China's master plan to build Shenzhen, South China's Guangdong Province, into a model city for the country with global competitiveness, not only lifted market sentiment on Monday but also, more importantly, sent one of the clearest signals yet of how the country plans to move forward at a critical juncture marked by both enormous opportunities as well as profound challenges.
An aerial view of the Shenzhen Bay Super Headquarters Base, a newly developing area in Nanshan district, Shenzhen, South China's Guangdong Province (Photo: VCG)
China on Sunday unveiled a document which sets to building Shenzhen into a pilot demonstration area of socialism with Chinese characteristics.
The plan underscored China's long-term commitment to reform and opening-up measures to realize its massive potential, and merely linking the plan to the trade war with the US and the situation in Hong Kong is missing the bigger picture and only exacerbates long-held misconceptions of China's development strategy, Chinese analysts noted.
Under the plan, Shenzhen will be granted special leeway to carry out reform and opening-up policies "from a higher starting point, higher levels and with higher goals."
Favorable policies will be offered in areas including technological innovation, financial and foreign trade.
The goal is to build Shenzhen into a model of high-quality growth for the country by 2035 and a "benchmark" city with "outstanding" competitiveness, innovation capability and influence by the middle of the century, according to the plan.
"This is a vision for Shenzhen, but what it really reveals is the consensus on how we move forward as a country," said Gao Lingyun, an expert at the Chinese Academy of Social Sciences in Beijing.
"We are sticking to our own pace of reform and opening up in spite of external changes."
The plan comes at a critical time when both the Chinese economy and the global economy face abundant uncertainties.
Domestically, the Chinese economy is undergoing a massive transformation where challenges linger.
Globally, the rise of populism and trade protectionism has cast a dark cloud over the world economy.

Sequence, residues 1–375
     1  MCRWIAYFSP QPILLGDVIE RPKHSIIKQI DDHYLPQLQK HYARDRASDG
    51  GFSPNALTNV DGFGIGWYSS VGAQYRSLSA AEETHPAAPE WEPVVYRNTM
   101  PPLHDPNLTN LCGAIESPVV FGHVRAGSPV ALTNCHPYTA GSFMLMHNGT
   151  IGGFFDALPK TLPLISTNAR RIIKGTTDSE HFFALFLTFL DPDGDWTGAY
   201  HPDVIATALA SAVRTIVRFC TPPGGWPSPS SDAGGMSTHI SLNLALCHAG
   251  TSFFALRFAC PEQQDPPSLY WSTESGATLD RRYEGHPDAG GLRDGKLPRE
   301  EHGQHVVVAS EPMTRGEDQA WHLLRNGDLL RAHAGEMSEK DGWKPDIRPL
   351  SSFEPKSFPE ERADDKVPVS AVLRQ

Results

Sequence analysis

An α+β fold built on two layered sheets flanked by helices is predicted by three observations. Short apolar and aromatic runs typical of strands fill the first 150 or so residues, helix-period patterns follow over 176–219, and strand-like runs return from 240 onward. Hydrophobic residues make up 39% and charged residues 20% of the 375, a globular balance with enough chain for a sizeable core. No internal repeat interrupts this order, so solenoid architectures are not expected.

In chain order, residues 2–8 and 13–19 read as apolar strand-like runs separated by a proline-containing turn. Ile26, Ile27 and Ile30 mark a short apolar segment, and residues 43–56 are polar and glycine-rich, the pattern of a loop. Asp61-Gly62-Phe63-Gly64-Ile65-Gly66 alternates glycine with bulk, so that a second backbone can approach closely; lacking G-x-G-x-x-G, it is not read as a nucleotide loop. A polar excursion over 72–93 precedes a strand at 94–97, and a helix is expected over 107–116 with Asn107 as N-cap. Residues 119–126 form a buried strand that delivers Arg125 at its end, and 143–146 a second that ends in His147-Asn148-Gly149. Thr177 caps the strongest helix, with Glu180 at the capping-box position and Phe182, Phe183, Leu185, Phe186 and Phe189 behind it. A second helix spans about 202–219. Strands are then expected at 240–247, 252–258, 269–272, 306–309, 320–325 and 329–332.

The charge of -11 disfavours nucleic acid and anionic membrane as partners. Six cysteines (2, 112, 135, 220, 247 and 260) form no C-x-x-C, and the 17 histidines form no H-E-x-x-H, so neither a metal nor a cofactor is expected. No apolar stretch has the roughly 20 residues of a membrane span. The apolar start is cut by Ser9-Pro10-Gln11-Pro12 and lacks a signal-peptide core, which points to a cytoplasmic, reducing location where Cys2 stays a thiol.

China's "positive approach" to addressing economic challenges also stood in stark contrast to that of the US and some other major economies which have resorted to protectionist moves to tackle problems, said Cheng Dawei, a professor of economics at the Renmin University of China in Beijing.
"It further demonstrates China's ability to read the trend and pursue proper measures as it has shown over the past four decades," she said.
Much consideration and efforts went into the development of the plan, according to Gao.
Officials and experts spent three years to assess the country's massive potential and challenges before coming up with the plan, he explained.
The plan appeared to lift share prices on Monday. The Shanghai Composite Index gained 2.1 percent, while the Shenzhen Component Index rose 2.96 percent.
Shares of companies based in Shenzhen rallied on Monday, with 66 companies seeing an average gain of 5.6 percent.
The soaring share prices reflected high hopes for the plan that it could unleash a new round of high-quality growth for both Shenzhen and the country as reform and opening-up policies did over the past four decades, said Yang Delong, chief economist at Shenzhen-based First Seafront Fund Management Company.
"There are huge expectations," Yang said.
Hong Kong's role
Given Shenzhen's proximity to Hong Kong, where violent protests have seriously damaged the city's global image, many have cast the plan as a way of replacing Hong Kong's role as a global financial center that the mainland's economy has been relying on for decades.
Such views are part of efforts by some foreign media outlets that seek to pit Hong Kong society against the mainland and are short-sighted, Chinese mainland analysts pointed out.
"This is not aimed at pushing Hong Kong aside by any means," Cheng said. "If anything, this will help Hong Kong because it will bring many opportunities to Hong Kong firms and residents."
Although the plan also offered favorable policies for Shenzhen's financial sector, including the yuan's internationalization and digital currency, it also called for financial cooperation with Hong Kong and Macao.
The plan is intended to be conducive to the Guangdong-Hong Kong-Macao Greater Bay Area development, which also aims to boost innovation and growth in the region.
Some argued Shenzhen cannot replace Hong Kong as a financial center at least in the short term.
In areas such as the yuan's offshore clearance, "Shenzhen will have a hard time catching up with Hong Kong," said an official in the cross-border financial sector who requested anonymity.
Given the timing, as the city's global image has been seriously dented by violent protests, the plan also serves as a reminder that Hong Kong must end the violence and get back on the right track to focus on its long-term prosperity, the Chinese analysts said.
"The door is open for Hong Kong, but it will be up to Hong Kong to seize the opportunity," Cheng said.